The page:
Definition: bizzare; peculiar; unconventional
Definition: bizzare; peculiar; unconventional
Sentences Containing 'outlandish'
Well, there was a big outlandish parrot on each side of the clock, made out of something like chalk, and painted up gaudy.
Likewise, there was a parcel of outlandish bone fish hooks on the shelf over the fire-place, and a tall harpoon standing at the head of the bed.
If I had been astonished at first catching a glimpse of so outlandish an individual as Queequeg circulating among the polite society of a civilized town, that astonishment soon departed upon taking my first daylight stroll through the streets of New Bedford.
But poorly could I withstand them, much as in other moods I was almost ready to smile at the solemn whimsicalities of that outlandish prophet of the wharves.
Now the advent of these outlandish strangers at such a critical instant as the lowering of the boats from the deck, this had not unreasonably awakened a sort of superstitious amazement in some of the ship's company; but Archy's fancied discovery having some time previous got abroad among them, though indeed not credited then, this had in some small measure prepared them for the event.
And, not to speak of the highly presumable difference of contour between a young sucking whale and a full-grown Platonian Leviathan; yet, even in the case of one of those young sucking whales hoisted to a ship's deck, such is then the outlandish, eel-like, limbered, varying shape of him, that his precise expression the devil himself could not catch.
That mortal man should feed upon the creature that feeds his lamp, and, like Stubb, eat him by his own light, as you may say; this seems so outlandish a thing that one must needs go a little into the history and philosophy of it.
Moreover, they should adhere to the principle that the more outlandish or dramatic the claim, the more skepticism it warrants.
Becker's propensity for doing comic voices brought him much work in animation; his best known work there was perhaps as Mr. Wizard on "King Leonardo and His Short Subjects" — "Drizzle, drazzle, drozzle, drone / Time for this one to come home" — who was always indulging and then rescuing Tudor Turtle from his outlandish wishes.
Such as jumping off cliffs, being hit by trucks, getting shot in the head, etc. These dangerous stunts and outlandish actions are usually achieved with the use of computer generated imagery.
The company also made one of the first sponsorship deals in Australian rock, supplying Melbourne band The Strangers with a full set of the distinctive 'El Toro' model guitars and basses (notable for their outlandish 'horned' body shape) while the group was working as the house band on the TV pop show "The Go!!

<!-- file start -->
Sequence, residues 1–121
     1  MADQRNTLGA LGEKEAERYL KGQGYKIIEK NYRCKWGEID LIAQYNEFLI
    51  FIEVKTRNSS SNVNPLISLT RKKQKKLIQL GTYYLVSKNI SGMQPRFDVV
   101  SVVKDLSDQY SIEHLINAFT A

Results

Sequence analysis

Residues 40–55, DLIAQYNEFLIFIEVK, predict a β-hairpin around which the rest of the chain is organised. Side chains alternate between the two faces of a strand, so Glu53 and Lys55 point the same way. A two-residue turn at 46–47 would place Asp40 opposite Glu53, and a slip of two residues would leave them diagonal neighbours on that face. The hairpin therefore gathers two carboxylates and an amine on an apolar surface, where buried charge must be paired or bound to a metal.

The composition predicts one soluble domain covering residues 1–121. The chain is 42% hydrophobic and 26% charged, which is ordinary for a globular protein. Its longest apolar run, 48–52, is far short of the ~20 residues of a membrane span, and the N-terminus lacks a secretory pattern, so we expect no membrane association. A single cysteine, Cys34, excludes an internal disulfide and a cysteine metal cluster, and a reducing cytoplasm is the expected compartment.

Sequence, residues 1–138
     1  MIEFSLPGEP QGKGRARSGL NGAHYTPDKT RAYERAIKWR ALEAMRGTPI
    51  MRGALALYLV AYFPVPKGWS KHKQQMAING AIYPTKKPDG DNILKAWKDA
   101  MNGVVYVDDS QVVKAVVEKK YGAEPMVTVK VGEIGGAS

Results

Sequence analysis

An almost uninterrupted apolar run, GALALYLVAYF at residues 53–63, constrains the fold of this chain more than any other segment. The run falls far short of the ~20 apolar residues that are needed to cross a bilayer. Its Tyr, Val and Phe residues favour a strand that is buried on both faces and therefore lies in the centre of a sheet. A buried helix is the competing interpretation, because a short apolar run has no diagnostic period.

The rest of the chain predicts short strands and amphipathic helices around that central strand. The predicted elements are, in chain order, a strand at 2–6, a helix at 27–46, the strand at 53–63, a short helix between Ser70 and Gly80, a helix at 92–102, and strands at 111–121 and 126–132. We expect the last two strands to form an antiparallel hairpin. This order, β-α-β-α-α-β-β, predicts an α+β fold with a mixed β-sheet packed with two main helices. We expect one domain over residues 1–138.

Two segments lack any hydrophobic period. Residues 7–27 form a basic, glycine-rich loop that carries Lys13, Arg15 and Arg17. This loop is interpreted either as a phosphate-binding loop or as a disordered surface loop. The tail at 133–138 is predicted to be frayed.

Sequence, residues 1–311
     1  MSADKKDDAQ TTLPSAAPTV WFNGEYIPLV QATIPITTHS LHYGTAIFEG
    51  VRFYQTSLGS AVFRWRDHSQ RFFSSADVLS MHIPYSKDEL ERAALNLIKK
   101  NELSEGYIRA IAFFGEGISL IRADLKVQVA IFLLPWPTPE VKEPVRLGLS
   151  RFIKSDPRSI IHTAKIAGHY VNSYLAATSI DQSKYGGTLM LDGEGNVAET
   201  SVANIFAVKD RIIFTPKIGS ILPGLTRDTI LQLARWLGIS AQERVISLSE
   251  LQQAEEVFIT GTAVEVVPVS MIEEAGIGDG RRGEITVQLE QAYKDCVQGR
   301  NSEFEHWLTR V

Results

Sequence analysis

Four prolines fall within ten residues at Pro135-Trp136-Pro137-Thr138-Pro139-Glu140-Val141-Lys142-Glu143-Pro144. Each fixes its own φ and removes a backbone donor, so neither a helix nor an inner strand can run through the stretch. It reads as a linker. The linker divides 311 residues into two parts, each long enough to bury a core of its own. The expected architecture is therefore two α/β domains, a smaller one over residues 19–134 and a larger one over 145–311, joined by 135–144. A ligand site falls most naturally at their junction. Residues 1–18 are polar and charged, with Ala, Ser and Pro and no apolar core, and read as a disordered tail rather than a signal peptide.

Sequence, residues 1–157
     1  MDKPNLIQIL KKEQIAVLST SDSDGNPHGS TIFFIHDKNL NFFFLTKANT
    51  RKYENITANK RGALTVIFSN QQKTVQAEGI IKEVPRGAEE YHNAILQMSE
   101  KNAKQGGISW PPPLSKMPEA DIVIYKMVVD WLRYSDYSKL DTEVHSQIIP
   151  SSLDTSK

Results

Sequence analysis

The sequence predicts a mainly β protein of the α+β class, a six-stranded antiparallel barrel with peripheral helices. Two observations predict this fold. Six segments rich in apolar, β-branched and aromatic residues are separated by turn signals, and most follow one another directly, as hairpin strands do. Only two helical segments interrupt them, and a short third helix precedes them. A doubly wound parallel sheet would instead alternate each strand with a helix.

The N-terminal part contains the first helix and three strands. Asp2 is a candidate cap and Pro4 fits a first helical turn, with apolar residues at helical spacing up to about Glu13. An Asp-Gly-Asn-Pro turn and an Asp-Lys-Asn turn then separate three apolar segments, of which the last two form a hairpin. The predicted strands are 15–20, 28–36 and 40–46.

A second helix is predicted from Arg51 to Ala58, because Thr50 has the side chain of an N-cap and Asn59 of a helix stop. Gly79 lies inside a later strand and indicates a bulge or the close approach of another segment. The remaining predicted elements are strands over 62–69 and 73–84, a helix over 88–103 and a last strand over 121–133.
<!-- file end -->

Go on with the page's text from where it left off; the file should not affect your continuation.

In Sri Lanka, the film lost its sheen at the box office as the audience found it "outlandish".
She is instead dressed in an outlandish, low-cut, fur-lined, dark grey and black dress that displays her ample cleavage.
However, Gamasutra editor Kurt Kalata described Nomura's character designs as "outlandish", calling Lulu more like a "fetish object" than an inhabitant of "Final Fantasy X"s world.
The phrase has since become a cultural phenomenon and has been reworked to be an excuse for irresponsible and outlandish behaviour, but most of the time it is used sarcastically in this manner.
The show was a novel approach to documentary genre, combining Safran's comedic talent, personal passions, and typically outlandish stunts with solid information and interesting trivia.
In 1920 O'Brien lured great halfback, John "Paddy" Driscoll, to the Cardinals for $3,000 a year, a sum considered outlandish at the time.
Humphries' outlandish Australian caricatures, including Dame Edna Everage, Barry McKenzie and Les Patterson have starred in books, stage and screen to great acclaim over five decades and his biographer Anne Pender described him in 2010 as the most significant comedian since Charles Chaplin.
The phrase "mental as anything" is late 1970s Australian slang for being crazy, outlandish, having extreme fun, or 'going off'.
House press secretary, Scott McClellan, describing it as "outlandish" said, "Any such notion that we would engage in that kind of activity is just absurd." A UK government official suggested that the Bush threat had been "humorous, not serious."
The audience passes several office doors, all featuring outlandish job descriptions.
In 1954 classical composer Virgil Thomson described her voice as "very low and warm, very high and birdlike", noting that her range "is very close to four octaves, but is in no way inhuman or outlandish in sound".
Several fans have also begun garbing themselves in outlandish costumes in the style of football superfans (such as the Orange Gorilla or The Superhoo).
More Vocab Wordscognate - having a common origin; related linguistically; allied by blood; similar or akin in nature; Ex. cognate languages; N.
languid - lacking energy or vitality; weary; sluggish; listless
beguile - deceive; mislead or delude; cheat; pass time pleasantly; charm or attract; Ex. beguiling smile
minion - servile dependent; obsequious follower
jibe - agree; be in harmony with; gibe
generic - characteristic of an entire class or species; of a genus
bandy - discuss lightly or glibly; discuss in a frivolous manner; exchange (words) heatedly; quarrel; Ex. bandy words with
residual - remaining; left over; of a residue; N: residue
corroborate - confirm; support; strengthen
milieu - social environment; means of expression; Ex. feel out of one's milieu; Ex. His proper milieu is watercolor.